Corrections & Clarifications: An earlier version of this story misstated the year the Hornet was sunk.
For 76 years, the aircraft carrier lay on the ocean floor, a quiet tomb for 140 sailors who died the day it sank.
Now, for the first time since then, humans have laid eyes on the USS Hornet, which was sunk in October 1942 during World War II's Battle of the Santa Cruz Islands.
A research vessel discovered wreckage of the aircraft carrier in late January 2019, nearly 17,500 feet below the surface, resting on the floor of the South Pacific Ocean.
“We had the Hornet on our list of WWII warships that we wanted to locate because of its place in history ... that saw many pivotal moments in naval battles,” said Robert Kraft, director of subsea operations for Vulcan, the company that discovered the World War II warship.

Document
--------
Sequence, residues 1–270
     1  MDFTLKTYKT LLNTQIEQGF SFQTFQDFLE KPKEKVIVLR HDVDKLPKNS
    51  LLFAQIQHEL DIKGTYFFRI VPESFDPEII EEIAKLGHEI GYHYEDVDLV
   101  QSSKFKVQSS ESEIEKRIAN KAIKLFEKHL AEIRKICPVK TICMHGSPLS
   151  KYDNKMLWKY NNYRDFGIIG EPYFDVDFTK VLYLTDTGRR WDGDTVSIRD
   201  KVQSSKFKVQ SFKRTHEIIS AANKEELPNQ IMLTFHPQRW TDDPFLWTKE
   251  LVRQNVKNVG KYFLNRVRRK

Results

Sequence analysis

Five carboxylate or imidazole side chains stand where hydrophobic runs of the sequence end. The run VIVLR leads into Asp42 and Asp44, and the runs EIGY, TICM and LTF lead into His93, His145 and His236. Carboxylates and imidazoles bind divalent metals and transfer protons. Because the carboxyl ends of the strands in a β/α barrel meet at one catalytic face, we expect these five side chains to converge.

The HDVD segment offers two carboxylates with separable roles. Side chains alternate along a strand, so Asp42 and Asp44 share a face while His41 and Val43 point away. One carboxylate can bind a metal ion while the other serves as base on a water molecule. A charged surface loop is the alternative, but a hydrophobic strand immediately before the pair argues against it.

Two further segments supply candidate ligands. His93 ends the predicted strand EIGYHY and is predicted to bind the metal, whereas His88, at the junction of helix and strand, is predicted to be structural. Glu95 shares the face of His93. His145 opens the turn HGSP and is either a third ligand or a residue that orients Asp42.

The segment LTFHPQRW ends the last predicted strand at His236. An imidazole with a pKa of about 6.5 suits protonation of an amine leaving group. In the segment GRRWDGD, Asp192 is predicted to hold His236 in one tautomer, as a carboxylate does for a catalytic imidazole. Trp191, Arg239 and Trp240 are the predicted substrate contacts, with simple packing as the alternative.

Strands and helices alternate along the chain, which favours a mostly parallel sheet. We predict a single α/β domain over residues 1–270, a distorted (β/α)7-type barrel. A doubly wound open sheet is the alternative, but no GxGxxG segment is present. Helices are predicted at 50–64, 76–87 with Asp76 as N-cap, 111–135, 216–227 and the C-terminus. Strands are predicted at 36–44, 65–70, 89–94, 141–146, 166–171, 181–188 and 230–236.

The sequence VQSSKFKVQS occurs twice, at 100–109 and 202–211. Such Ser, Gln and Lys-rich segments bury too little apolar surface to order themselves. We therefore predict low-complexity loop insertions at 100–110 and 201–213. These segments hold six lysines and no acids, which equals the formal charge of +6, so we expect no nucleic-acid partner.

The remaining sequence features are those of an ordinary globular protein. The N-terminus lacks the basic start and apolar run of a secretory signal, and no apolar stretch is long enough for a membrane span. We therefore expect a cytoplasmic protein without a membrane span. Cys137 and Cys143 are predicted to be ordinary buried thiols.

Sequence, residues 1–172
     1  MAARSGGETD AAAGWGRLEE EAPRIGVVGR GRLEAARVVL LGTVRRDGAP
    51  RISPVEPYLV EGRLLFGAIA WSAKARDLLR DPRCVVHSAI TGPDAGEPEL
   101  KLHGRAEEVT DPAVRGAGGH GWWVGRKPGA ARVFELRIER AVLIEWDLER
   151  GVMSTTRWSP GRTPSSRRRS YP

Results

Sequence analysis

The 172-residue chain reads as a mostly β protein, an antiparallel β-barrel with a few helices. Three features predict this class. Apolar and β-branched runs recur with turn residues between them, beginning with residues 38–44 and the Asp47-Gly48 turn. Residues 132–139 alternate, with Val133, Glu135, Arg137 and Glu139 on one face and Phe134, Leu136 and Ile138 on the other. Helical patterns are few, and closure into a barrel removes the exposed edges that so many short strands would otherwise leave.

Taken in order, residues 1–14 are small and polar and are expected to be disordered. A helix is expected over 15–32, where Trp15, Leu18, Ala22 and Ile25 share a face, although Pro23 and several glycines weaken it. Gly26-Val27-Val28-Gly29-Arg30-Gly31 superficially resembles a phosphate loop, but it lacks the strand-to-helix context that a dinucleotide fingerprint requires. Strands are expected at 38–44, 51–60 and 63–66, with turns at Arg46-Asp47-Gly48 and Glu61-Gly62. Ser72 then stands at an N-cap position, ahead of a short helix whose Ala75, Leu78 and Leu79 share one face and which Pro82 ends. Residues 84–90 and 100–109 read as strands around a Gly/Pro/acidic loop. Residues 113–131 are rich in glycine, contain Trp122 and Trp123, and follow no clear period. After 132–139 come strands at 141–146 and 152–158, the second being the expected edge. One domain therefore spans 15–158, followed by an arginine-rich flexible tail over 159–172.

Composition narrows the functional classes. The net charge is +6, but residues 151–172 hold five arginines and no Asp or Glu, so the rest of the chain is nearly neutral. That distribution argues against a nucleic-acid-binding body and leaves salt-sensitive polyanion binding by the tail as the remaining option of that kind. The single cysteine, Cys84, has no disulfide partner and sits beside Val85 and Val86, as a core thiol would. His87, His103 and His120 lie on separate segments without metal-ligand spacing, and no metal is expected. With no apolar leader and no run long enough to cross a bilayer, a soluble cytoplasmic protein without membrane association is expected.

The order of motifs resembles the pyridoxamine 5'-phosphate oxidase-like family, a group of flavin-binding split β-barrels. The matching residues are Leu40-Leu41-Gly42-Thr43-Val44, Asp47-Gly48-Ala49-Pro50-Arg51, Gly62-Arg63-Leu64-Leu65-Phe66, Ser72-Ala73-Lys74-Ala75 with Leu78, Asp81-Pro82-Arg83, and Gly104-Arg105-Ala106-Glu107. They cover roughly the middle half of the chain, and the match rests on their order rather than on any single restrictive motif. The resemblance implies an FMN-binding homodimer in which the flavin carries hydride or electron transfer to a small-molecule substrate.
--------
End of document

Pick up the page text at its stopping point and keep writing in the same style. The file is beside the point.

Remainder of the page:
Vulcan was founded by the late Paul Allen, co-founder of Microsoft, and has found many other shipwrecks of that era.
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The Hornet was involved in many key events of the war, including launching the famed Doolittle Raid on Tokyo. It was also a major part of the Battle of Midway.
Though 140 sailors died when the Hornet sank, over 2,000 were able to safely escape.
This article originally appeared on USA TODAY: Wreck of long-lost WWII aircraft carrier USS Hornet found after 76 years, nearly 17,500 feet under water